A felony or misdemeanor crime of violence committed—
(A) By a current or former spouse or intimate partner of the victim;
(B) By a person with whom the victim shares a child in common;
(C) By a person who is cohabitating with, or has cohabitated with, the victim as a spouse or intimate partner;
(D) By a person similarly situated to a spouse of the victim under the domestic or family violence laws of the jurisdiction in which the crime of violence occurred, or
(E) By any other person against an adult or youth victim who is protected from that person’s acts under the domestic or family violence laws of the jurisdiction in which the crime of violence occurred.
All forms of domestic violence prohibited by Maine law are also included (see Domestic Violence Assault, Domestic Violence Criminal Threatening, Domestic Violence Terrorizing, Domestic Violence Stalking, and Domestic Violence Reckless Conduct).
Stalking is engaging in a course of conduct directed at a specific person that would cause a reasonable person to—
(A) Fear for the person’s safety or the safety of others; or
(B) Suffer substantial emotional distress.
(ii) For the purposes of this definition—
(A) Course of conduct means two or more acts, including, but not limited to, acts in which the stalker directly, indirectly, or through third parties, by any action, method, device, or means, follows, monitors, observes, surveils, threatens or communicates to or about a person, or interferes with a person’s property.
(B) Reasonable person means a reasonable person under similar circumstances and with similar identities to the victim.
(C) Substantial emotional distress means significant mental suffering or anguish that may, but does not necessarily, require medical or other professional treatment or counseling.
All forms of stalking prohibited by Maine law are also included (Stalking and Domestic Violence Stalking).
Retaliation is action taken by the University or any individual or group against any person for opposing any practices forbidden under this policy or for filing a complaint, testifying, assisting or participating in an investigation or proceeding under this policy. This includes action taken against a bystander who intervened to stop or attempt to stop a violation of this policy. Retaliation includes intimidating, threatening, coercing or in any way discriminating against an individual because of the individual’s complaint or participation. Action is generally deemed retaliatory if it would deter a reasonable person in the same circumstances from opposing practices prohibited by this policy.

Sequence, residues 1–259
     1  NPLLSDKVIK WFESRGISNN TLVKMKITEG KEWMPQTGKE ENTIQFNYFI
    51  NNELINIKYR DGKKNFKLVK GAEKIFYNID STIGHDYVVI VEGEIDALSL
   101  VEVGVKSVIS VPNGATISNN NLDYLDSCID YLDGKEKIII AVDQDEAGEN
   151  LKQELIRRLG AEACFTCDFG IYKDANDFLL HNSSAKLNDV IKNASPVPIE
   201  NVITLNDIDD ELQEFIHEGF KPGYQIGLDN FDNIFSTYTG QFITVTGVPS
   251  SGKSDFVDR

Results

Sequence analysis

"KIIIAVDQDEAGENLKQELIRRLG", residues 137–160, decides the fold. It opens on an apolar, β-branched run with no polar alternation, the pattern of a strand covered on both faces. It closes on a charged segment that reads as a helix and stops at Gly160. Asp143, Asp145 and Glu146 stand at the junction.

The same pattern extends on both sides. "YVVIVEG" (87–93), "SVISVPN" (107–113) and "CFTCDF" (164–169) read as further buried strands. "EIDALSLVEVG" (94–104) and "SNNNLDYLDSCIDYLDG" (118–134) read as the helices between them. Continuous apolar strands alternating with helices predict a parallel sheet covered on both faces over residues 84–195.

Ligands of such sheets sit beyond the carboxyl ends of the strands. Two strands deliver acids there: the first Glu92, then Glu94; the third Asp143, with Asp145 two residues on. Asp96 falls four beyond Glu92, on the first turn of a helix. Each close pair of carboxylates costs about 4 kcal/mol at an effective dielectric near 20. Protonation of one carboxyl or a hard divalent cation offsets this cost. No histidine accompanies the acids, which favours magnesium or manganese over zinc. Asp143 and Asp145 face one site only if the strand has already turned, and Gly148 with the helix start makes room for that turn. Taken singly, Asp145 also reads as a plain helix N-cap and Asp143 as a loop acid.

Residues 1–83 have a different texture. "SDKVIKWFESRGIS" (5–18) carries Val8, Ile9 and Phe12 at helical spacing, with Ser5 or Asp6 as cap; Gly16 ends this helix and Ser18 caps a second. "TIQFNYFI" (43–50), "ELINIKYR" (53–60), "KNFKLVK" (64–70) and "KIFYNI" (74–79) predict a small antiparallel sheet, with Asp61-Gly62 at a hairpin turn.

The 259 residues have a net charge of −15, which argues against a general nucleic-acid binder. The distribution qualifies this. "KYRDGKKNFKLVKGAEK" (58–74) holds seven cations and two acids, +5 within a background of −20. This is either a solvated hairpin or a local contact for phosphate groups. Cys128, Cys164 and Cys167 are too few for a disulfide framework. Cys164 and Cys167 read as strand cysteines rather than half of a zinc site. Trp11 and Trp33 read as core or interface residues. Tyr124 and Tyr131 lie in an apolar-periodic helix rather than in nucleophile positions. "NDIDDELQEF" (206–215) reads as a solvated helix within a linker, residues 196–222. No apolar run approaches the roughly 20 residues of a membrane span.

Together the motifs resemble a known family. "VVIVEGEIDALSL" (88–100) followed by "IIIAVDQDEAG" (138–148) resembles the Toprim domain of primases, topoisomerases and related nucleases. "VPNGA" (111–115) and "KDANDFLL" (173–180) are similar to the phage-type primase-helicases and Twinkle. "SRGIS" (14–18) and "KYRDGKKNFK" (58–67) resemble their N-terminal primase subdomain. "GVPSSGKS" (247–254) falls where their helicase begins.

Sexual misconduct includes, but is not limited to, prostituting another person, nonconsensual image capturing of sexual activity, presentation or unauthorized viewing of a nonconsensual videotaping of sexual activity, letting others watch you have sex without the knowledge or consent of your sexual partner, possession of child pornography, peeping tommery and/or knowingly transmitting an STD or HIV to another person. Sexual misconduct may constitute sexual harassment. All forms of sexual misconduct prohibited by Maine law are also included (see Violation of Privacy, Possession of Sexually Explicit Material, and Sex Trafficking).
Consent is a voluntary agreement to engage in sexual contact. Consent must be informed, freely and actively given, and consist of a mutually agreeable and understandable exchange of words or actions. Consent is agreement to engage in sexual contact. Consent must be informed, freely and actively given, and consist of a mutually agreeable and understandable exchange of words or actions. Consent is clear, knowing and voluntary. Consent is active, not passive. Consent may be withdrawn at any time. Silence, in and of itself, cannot be interpreted as consent. Consent can be given by words or actions, as long as those words or actions create mutually understandable clear permission regarding willingness to engage in (and conditions of) sexual activity. Past consent does not imply future consent. Consent to engage in one form of sexual activity does not imply consent to engage in any other sexual activity. Consent to engage in sexual activity with one person does not imply consent to engage in sexual activity with any other person.
It is not consent when the exchange involves unwanted physical force, coercion, intimidation and/or threats. If an individual is mentally or physically incapacitated or impaired such that one cannot understand the fact, nature or extent of the sexual situation, and the incapacitation or impairment is known or should be known to a reasonable person, there is no consent. This includes conditions resulting from alcohol or drug consumption, or being asleep or unconscious. Consent is not valid if the person is too young to consent to sexual activity under Maine law.